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New Partnership Helps 17 States Share Information to Fight Heroin Crisis

New Partnership Helps 17 States Share Information to Fight Heroin Crisis
A new federally funded program is partnering with police departments and health departments in 17 states in the northeast and beyond to share information quickly to respond to the heroin crisis. The new initiative, known as the Heroin Response Strategy , funded by the High-Intensity Drug Trafficking Area (HIDTA) program, has hired drug enforcement officers and public health analysts in each of those states to share information on drug trafficking and drug overdoses. “There are thousands of police departments across the country, and they all face the challenge of opioid abuse—pills, heroin, fentanyl or a combination—which together are the leading cause of preventable death,” said Chauncey Parker, Director of the New York/New Jersey HIDTA, one of the seven HIDTA programs working together in the Heroin Response Strategy. A key challenge has been the lack of a structured way for police departments to efficiently share information about drug trafficking across the...
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Heroin Overdoses Becoming More Visible in Public Spaces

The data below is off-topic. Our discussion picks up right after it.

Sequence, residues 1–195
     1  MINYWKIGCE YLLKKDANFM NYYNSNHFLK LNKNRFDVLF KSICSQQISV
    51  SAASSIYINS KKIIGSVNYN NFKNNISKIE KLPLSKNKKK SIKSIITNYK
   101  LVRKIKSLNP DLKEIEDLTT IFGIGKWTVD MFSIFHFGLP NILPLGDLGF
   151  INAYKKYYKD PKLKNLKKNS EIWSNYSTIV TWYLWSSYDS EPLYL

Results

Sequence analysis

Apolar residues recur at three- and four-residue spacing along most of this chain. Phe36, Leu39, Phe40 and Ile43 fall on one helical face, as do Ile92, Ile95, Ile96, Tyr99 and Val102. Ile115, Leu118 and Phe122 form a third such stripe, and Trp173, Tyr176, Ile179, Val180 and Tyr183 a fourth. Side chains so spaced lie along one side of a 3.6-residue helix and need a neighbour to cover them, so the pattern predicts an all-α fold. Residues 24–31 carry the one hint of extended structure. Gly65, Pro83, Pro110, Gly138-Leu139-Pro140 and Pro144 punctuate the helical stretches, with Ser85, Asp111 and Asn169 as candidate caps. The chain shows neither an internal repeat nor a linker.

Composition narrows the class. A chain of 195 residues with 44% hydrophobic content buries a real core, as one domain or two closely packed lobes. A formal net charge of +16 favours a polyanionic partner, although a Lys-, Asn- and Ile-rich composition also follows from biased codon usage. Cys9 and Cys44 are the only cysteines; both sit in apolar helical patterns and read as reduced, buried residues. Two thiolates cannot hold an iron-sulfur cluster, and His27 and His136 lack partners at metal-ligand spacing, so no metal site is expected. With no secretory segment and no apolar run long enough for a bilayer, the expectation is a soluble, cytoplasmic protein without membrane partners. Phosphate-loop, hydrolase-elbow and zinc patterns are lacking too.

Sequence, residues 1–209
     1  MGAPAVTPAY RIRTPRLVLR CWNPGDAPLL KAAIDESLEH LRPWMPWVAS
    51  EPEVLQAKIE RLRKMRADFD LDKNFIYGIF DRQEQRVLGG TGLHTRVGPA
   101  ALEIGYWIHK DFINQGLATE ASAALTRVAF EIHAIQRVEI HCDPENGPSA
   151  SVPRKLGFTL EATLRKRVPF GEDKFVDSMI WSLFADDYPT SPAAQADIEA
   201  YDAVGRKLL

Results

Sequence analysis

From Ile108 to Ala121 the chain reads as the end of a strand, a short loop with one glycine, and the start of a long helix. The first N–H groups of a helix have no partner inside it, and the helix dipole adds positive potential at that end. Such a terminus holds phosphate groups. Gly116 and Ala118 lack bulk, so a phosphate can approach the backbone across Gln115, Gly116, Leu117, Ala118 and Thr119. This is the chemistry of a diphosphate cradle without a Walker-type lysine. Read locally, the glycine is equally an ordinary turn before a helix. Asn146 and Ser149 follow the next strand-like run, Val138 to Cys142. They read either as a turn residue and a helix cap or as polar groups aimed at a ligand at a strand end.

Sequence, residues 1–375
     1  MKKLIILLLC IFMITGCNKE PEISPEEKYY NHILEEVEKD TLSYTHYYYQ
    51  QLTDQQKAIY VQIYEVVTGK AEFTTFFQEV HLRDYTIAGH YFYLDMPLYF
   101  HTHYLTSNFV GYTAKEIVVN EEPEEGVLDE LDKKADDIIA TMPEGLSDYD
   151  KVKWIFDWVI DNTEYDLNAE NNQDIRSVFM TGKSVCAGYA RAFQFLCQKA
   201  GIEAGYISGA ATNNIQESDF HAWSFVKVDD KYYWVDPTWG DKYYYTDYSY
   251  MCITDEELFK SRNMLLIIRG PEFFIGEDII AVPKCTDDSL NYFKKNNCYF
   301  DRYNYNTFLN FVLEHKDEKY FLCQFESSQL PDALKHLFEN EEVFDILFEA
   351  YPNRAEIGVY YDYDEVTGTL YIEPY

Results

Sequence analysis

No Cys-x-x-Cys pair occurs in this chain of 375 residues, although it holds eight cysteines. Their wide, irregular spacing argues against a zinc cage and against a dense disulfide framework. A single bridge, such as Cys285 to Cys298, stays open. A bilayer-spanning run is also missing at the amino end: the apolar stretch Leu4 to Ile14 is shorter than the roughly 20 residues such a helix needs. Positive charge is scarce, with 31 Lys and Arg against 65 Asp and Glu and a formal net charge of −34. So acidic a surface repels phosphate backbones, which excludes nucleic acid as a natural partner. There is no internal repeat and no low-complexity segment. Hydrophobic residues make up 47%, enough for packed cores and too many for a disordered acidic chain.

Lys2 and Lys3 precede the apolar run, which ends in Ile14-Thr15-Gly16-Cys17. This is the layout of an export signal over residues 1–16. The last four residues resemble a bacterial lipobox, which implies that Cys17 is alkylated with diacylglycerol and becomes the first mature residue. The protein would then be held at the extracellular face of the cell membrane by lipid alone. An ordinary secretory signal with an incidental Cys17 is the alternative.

Heroin Overdoses Becoming More Visible in Public Spaces
The heroin epidemic is becoming increasingly visible as more people who use the drug are overdosing in public spaces, The New York Times reports. In Cambridge, Massachusetts, several people overdosed in the bathrooms of a church, leading church officials to close the bathrooms to the public. “We weren’t medically equipped or educated to handle overdoses, and we were desperately afraid we were going to have something happen that was way out of our reach,” said the Reverend Joseph O. Robinson, Rector of Christ Church Cambridge. Police in many towns find people who have been using heroin unconscious or dead in cars, fast-food restaurant bathrooms, on public transportation, and in parks, hospitals and libraries. Some people who use heroin seek out towns where emergency medical workers carry the opioid overdose antidote naloxone (Narcan), the article notes. They know “if they do overdose, there’s a good likelihood that when police respond, they’ll...